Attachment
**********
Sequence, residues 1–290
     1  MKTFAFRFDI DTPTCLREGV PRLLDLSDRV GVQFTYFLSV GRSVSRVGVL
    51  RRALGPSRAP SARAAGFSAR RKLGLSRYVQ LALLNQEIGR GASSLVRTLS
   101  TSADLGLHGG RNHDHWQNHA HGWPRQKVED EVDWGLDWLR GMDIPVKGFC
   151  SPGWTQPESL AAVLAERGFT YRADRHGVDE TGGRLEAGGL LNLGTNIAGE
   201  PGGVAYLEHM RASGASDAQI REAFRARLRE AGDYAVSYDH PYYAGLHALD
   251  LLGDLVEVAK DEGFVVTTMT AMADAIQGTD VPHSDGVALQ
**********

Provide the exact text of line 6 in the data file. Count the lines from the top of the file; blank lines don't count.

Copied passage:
   201  PGGVAYLEHM RASGASDAQI REAFRARLRE AGDYAVSYDH PYYAGLHALD